Heirs vs. Beneficiaries

May 23, 2016 § Leave a comment

It often happens in a testate estate that I am called upon in one order or another to adjudicate a legatee or other person designated to receive a bequest as an “heir of the decedent.”

A beneficiary under a will may, indeed, be an heir, but not necessarily.

An heir is a person having a right of descent and distribution by virtue of MCA 91-1-1, et seq. when there is no will.

A beneficiary is a person designated in a will to receive a specific devise or bequest or to receive all or part of the residuary estate. It is not required that heirs be named as devisees or legatees in a will. Heirs may be disinherited.

Thus, it is inaccurate, and can be misleading, to include language in your pleadings and proposed orders and judgments naming devisees and legatees of wills as “heirs” when they are not necessarily so.

To be accurate, name the beneficiaries under the will in your case as “beneficiaries.” Save the designation of “heirs” for your intestate cases; however, in districts where your chancellors require determination of heirship even in testate estates, limit your use of the term “heirs” to those so determined to be, distinguishing them from the beneficiaries under the will.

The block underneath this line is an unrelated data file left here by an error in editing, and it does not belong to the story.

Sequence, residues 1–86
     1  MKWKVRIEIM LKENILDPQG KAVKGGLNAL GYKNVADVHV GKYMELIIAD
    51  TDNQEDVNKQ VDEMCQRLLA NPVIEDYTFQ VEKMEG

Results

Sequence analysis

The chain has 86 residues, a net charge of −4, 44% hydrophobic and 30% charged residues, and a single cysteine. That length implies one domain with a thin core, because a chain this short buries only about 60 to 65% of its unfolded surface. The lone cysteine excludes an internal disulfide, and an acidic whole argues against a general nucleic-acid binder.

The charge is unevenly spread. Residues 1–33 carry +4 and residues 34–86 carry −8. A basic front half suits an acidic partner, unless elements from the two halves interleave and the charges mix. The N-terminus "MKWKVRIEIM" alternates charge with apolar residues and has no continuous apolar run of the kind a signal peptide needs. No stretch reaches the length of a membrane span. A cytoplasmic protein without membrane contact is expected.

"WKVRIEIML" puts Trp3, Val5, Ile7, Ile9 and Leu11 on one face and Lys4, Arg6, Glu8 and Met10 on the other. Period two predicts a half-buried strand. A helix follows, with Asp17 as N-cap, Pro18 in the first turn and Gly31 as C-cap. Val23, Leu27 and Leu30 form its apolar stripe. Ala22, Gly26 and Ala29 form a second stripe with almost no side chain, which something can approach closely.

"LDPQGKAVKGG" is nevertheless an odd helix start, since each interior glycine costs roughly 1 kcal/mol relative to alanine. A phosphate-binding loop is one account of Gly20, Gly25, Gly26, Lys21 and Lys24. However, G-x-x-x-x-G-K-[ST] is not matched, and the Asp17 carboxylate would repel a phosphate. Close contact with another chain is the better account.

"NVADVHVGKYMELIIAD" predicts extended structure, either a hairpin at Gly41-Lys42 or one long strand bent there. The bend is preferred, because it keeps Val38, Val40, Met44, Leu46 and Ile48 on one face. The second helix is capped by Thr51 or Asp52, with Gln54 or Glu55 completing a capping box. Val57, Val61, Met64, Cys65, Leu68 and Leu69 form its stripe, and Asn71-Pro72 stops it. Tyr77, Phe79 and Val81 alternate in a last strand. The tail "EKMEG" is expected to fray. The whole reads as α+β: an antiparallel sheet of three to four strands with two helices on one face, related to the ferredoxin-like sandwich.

A helpful glossary of terms used in probate matters can be found at this link.


Leave a Reply

Fill in your details below or click an icon to log in:

WordPress.com Logo

You are commenting using your WordPress.com account. Log Out /  Change )

Twitter picture

You are commenting using your Twitter account. Log Out /  Change )

Facebook photo

You are commenting using your Facebook account. Log Out /  Change )

Connecting to %s

What’s this?

You are currently reading Heirs vs. Beneficiaries at The Better Chancery Practice Blog.


%d bloggers like this: